Learning Materials Created by Nursing Education Students: Can we Collaborate to set a Trend for the Next 25 Years of Learning?
Concurrent Session 5
Revised accreditation standards allowed reduced credits and costs for nursing education students. Using case studies in an active learning environment, students work in groups to create learning materials that can contribute to nursing’s body of knowledge and help others learn. Let’s talk about the next 25 years of nursing education.
The amended 2018 Standards for Accreditation of Baccalaureate and Graduate Nursing Programs published by the Commission on Collegiate Nursing Education (CCNE) provided clarification regarding content related to advanced pathophysiology, advanced physical and health assessment, and advanced pharmacology. The standards note that nurse educator programs should incorporate graduate level content for these topics but does not require three distinct courses. Based on this clarification, the graduate nursing programs at SUNY Empire State College were revised yielding a reduction in credits from 42 to 36, less expense to students, and quicker completion time. In a time of shortage of nurse educators, the benefits were impressive. In order to move from three separate courses to one course, the faculty developed an integrated three “P” course using an interdisciplinary case study approach. Case-based learning is prevalent in the nursing literature and evidence supports that this learning method effectively promotes critical thinking and clinical reasoning. Students learn the three “P” content by analyzing complex case studies developed by the faculty and made available as open educational resources (OER). Additionally, students work collaboratively to design their own case studies. These are evaluated by faculty, and students may be given an opportunity to publish their work as OER.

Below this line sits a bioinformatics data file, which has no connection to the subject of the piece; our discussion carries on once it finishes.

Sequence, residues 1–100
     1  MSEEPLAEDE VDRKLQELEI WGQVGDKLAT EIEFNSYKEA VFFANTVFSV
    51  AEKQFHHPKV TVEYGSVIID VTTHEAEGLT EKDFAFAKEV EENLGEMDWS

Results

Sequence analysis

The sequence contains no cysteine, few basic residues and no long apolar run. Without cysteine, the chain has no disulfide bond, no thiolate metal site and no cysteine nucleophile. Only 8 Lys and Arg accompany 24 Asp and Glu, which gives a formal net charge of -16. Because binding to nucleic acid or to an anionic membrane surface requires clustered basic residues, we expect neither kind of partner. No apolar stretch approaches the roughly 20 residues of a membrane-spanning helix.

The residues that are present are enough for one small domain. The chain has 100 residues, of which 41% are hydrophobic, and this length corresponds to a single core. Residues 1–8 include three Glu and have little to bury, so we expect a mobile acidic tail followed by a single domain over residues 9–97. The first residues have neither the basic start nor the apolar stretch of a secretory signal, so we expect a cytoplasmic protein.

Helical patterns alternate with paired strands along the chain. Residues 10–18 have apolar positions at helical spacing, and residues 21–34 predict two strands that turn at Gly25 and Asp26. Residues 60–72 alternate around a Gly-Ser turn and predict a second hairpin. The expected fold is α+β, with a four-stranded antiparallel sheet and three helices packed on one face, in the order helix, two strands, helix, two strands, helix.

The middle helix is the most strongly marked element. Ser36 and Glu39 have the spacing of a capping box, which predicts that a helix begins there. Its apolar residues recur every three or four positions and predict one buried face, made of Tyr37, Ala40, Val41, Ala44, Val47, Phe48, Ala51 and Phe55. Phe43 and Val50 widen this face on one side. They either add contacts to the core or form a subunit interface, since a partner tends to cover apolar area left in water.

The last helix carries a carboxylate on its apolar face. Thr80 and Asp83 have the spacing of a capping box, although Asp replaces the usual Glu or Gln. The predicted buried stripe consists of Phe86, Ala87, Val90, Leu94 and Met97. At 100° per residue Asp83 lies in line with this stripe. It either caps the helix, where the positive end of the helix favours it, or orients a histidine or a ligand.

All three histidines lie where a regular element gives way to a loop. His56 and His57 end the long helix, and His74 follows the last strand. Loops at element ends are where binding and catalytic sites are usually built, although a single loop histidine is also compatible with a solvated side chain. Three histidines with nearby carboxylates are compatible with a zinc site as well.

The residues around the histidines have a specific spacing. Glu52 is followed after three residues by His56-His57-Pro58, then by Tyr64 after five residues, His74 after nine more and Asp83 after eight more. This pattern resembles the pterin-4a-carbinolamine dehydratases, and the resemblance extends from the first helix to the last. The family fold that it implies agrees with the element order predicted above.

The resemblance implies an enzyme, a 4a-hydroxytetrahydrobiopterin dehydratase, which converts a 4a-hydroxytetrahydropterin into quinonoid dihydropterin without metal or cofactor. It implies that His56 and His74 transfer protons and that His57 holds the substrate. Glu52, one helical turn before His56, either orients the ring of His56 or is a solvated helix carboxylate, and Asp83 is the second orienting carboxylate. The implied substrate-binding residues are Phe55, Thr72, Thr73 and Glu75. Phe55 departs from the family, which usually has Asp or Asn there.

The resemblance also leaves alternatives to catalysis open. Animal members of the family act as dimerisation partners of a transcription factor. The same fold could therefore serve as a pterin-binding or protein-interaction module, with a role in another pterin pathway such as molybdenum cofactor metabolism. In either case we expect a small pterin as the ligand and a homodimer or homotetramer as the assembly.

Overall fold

This discovery session will review the course development process used at SUNY Empire State College’s School of Nursing Allied Health program, which is dependent on a highly collaborative relationship between faculty and the instructional designer. A sampling of the collaborative learning assignments which allow students to work in communities of inquiry as they consider learning styles and create materials to address the three “P” content will be provided, as well as an overview of the reasons for, and evidence supporting the choices made in creating these activities. Finally, a discussion about the use and benefits of OER, issues around student consent and collaboration with the senior library strategist in the process of course development will allow exchange of ideas. We look forward to participants’ perspectives about choosing student work for potential OER publication.